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Sundre High School drama club ready for The Play That Goes Wrong

Whodunit mystery-comedy that Sundre students soon bringing to life described as part Monty Python and Sherlock Holmes
Members of the Sundre High School drama department’s cast rehearse their roles for the upcoming performances of The Play That Goes Wrong. In this scene, some of the characters confront one another with accusations about a murder that has been committed in the comedic whodunit mystery described as part Monty Python and part Sherlock Holmes. From left: Sam Johnston, Justice Dach, Claire Rich, Wynter Schaafsma, and Lily Saunders. Simon Ducatel/MVP Staff

SUNDRE – The cast and crew with the Sundre High School’s drama department have recently been getting ready to bring to the stage a classic case of whodunit with a comedic flare.

Tickets for The Play That Goes Wrong – which was written by Henry Lewis, Henry Shields, and Jonathan Sayer – went on sale recently and are only available online through the school’s website,, at a cost of $10 for all ages.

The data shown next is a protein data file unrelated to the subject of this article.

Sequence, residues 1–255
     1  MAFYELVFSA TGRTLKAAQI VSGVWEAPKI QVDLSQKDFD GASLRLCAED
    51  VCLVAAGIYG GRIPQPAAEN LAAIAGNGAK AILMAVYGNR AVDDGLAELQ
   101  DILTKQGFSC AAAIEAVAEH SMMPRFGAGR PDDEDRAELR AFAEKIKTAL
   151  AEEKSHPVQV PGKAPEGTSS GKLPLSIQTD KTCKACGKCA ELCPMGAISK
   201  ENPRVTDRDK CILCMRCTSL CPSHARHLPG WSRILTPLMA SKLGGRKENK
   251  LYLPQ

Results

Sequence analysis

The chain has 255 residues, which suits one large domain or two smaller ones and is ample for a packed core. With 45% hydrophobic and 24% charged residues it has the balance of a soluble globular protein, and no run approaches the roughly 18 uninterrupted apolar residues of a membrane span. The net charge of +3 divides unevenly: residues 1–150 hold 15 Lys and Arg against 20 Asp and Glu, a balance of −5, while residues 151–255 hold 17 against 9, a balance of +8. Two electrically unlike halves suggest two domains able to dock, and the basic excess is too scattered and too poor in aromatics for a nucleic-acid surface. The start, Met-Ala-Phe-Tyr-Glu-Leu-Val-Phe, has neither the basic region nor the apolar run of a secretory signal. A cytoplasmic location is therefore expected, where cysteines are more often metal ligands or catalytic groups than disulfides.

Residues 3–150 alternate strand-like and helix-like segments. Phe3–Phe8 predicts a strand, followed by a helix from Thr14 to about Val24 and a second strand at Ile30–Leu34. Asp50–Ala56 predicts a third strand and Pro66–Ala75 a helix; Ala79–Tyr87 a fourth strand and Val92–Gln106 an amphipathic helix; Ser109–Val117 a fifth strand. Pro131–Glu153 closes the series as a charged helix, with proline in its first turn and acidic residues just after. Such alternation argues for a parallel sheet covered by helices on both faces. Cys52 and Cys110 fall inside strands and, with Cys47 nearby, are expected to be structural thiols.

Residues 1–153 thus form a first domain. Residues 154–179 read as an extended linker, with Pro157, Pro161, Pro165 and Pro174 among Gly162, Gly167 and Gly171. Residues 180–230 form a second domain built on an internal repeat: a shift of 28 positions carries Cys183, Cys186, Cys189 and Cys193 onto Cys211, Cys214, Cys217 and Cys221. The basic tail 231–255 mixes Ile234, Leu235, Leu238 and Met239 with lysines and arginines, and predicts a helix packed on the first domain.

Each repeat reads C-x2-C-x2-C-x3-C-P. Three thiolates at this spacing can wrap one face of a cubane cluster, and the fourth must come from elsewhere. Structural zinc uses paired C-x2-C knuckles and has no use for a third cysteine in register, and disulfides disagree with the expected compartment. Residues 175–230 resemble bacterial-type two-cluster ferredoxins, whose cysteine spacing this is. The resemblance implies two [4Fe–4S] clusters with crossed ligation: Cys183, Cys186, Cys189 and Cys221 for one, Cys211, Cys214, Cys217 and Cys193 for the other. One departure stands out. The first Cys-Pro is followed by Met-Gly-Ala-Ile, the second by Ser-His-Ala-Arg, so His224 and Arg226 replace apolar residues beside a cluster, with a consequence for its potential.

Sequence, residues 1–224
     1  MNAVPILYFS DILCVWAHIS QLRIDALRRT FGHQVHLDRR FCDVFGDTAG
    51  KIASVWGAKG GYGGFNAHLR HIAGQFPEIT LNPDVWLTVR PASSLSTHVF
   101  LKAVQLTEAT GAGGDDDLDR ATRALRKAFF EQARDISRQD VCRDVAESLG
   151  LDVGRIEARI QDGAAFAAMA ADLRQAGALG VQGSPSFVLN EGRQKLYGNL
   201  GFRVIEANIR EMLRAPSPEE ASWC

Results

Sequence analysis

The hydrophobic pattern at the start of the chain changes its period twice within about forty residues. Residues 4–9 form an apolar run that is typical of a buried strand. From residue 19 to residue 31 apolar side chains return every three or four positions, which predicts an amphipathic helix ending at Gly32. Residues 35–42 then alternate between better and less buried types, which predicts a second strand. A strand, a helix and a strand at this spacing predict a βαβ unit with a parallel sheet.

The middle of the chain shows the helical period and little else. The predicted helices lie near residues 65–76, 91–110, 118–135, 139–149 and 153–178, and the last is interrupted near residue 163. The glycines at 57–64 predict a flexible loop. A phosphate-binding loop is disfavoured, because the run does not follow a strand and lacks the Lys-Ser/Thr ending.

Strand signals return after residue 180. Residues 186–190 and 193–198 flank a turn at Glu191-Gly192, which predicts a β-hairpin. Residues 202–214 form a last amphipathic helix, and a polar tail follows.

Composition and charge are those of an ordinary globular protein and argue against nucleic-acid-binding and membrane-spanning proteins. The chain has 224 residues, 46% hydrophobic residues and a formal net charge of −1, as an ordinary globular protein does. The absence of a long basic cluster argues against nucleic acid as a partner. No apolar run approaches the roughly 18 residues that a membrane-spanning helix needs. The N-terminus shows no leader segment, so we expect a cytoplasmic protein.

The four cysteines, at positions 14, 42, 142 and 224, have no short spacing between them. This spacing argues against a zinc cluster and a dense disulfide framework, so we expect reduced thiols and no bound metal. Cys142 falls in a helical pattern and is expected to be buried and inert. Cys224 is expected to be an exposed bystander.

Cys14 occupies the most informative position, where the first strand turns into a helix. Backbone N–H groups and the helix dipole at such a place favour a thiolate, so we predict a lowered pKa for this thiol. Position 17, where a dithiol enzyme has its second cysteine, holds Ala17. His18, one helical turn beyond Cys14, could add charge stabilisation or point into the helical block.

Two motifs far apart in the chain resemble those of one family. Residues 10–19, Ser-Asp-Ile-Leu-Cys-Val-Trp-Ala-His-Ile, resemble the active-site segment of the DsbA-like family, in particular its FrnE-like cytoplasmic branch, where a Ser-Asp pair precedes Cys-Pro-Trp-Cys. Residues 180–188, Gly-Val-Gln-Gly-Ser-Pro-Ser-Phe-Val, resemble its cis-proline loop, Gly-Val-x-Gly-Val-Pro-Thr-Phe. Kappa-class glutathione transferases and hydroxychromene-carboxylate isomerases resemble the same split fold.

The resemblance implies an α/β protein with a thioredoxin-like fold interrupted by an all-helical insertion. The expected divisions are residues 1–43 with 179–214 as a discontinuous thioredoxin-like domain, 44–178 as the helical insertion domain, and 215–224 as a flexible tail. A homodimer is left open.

Three performances are scheduled from March 21-23 at the Sundre Arts Centre, with doors opening at 6:30 p.m. and the shows starting at 7 p.m.

The play is described as a “smash hit farce” that unfolds in the 1920s during opening night of the Cornley Drama Society’s latest production of The Murder at Haversham Manor.

But things don’t exactly go as planned and the performance quickly deteriorates and goes “from bad to utterly disastrous.”

The whodunit mystery-comedy boasts having everything a fan of theatre could possibly every want in a show – “an unconscious leading lady, a corpse that can’t play dead, and actors who trip over everything (including their lines).”

Hilarity ensues as the clumsy thespians duel against the odds until the final curtain in a show said to be part Monty Python, part Sherlock Holmes.

Simon Ducatel

About the Author: Simon Ducatel

Simon Ducatel joined Mountain View Publishing in 2015 after working for the Vulcan Advocate since 2007, and graduated among the top of his class from the Southern Alberta Institute of Technology's journalism program in 2006.
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